Turning a green alga red: engineering astaxanthin biosynthesis by intragenic pseudogene revival in Chlamydomonas reinhardtii

by Federico Perozeni, Stefano Cazzaniga, Thomas Baier, Francesca Zanoni, Gianni Zoccatelli, Kyle J. Lauersen, Lutz Wobbe, Matteo Ballottari
Journal paper Open Access Year: 2020


Perozeni, F., Cazzaniga, S., Baier, T., Zanoni, F., Zoccatelli, G., Lauersen, K.J., Wobbe, L., Ballottari, M., 2019. Turning a green alga red: engineering astaxanthin biosynthesis by intragenic pseudogene revival in Chlamydomonas reinhardtii. bioRxiv 535989. https://doi.org/10.1101/535989


The green alga Chlamydomonas reinhardtii does not synthesize high‐value ketocarotenoids like canthaxanthin and astaxanthin, however, a β‐carotene ketolase (CrBKT) can be found in its genome. CrBKT is poorly expressed, contains a long C‐terminal extension not found in homologues and likely represents a pseudogene in this alga. Here, we used synthetic re‐design of this gene to enable its constitutive overexpression from the nuclear genome of C. reinhardtii. Overexpression of the optimized CrBKT extended native carotenoid biosynthesis to generate ketocarotenoids in the algal host causing noticeable changes the green algal colour to reddish‐brown. We found that up to 50% of native carotenoids could be converted into astaxanthin and more than 70% into other ketocarotenoids by robust CrBKT overexpression. Modification of the carotenoid metabolism did not impair growth or biomass productivity of C. reinhardtii, even at high light intensities. Under different growth conditions, the best performing CrBKT overexpression strain was found to reach ketocarotenoid productivities up to 4.3 mg L‐1 day‐1. Astaxanthin productivity in engineered C. reinhardtii shown here might be competitive with that reported for Haematococcus lacustris (formerly pluvialis) which is currently the main organism cultivated for industrial astaxanthin production. In addition, the extractability and bio‐accessibility of these pigments was much higher in cell wall deficient C. reinhardtii than the resting cysts of H. lacustris. Engineered C. reinhardtii strains could thus be a promising alternative to natural astaxanthin producing algal strains and may open the possibility of other tailor‐made pigments from this host.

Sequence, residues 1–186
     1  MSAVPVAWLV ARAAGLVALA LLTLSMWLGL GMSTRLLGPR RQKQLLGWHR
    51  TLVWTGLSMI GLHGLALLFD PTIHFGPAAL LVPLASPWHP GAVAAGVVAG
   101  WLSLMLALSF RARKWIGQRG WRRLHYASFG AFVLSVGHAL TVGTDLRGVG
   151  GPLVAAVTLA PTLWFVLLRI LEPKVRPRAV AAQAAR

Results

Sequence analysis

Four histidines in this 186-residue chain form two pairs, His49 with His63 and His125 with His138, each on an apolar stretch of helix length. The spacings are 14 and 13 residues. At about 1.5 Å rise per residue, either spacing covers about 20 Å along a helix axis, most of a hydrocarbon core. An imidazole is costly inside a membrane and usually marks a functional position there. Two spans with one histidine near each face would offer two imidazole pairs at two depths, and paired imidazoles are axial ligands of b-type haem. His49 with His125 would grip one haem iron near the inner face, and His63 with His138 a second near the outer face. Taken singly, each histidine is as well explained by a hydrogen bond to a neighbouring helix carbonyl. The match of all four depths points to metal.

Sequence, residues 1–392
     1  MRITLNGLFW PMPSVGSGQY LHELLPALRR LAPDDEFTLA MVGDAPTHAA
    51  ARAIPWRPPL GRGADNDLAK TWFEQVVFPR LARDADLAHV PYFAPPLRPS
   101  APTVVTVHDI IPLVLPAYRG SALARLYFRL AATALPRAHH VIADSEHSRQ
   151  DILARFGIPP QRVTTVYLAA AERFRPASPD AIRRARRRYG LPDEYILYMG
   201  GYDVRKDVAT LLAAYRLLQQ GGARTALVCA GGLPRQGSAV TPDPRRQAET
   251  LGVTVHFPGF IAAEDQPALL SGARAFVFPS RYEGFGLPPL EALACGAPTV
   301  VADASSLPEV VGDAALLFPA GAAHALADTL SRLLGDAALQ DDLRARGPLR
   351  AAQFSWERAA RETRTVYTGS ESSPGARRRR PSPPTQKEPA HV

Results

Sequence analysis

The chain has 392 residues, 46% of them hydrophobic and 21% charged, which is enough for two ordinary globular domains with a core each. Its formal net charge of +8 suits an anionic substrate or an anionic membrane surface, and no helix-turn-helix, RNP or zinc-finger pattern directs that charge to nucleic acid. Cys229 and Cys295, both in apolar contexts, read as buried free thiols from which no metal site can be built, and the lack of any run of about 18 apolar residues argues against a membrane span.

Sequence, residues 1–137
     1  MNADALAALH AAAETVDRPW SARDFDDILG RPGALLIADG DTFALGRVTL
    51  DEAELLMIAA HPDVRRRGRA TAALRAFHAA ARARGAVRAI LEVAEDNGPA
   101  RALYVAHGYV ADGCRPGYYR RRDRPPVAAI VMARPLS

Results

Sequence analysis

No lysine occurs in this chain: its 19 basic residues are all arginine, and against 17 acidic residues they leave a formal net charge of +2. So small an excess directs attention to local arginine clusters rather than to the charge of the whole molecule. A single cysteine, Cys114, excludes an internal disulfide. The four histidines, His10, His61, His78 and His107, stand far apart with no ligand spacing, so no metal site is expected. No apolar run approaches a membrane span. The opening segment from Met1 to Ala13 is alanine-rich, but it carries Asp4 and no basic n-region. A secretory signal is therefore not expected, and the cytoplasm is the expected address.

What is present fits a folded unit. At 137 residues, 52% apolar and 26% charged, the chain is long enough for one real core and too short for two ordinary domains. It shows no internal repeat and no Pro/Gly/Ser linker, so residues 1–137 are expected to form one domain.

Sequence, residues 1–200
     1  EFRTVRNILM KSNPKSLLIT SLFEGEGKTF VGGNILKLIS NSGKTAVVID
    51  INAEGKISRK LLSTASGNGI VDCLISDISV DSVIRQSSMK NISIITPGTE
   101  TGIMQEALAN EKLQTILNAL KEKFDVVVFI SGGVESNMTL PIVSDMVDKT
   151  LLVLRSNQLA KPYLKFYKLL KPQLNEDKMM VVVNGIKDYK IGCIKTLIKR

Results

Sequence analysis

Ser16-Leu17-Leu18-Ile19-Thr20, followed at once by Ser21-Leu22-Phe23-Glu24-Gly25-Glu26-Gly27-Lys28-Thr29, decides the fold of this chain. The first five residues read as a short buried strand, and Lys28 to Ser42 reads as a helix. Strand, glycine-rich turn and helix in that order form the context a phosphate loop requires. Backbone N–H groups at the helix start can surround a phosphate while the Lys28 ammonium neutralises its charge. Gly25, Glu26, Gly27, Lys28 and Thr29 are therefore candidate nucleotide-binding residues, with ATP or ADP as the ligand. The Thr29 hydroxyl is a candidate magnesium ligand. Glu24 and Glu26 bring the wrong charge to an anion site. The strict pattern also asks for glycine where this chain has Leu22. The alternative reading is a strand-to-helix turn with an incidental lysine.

Chlamydomonas reinhardtii β-carotene ketolase Haematococcus lacustris astaxanthin production tailor-made pigments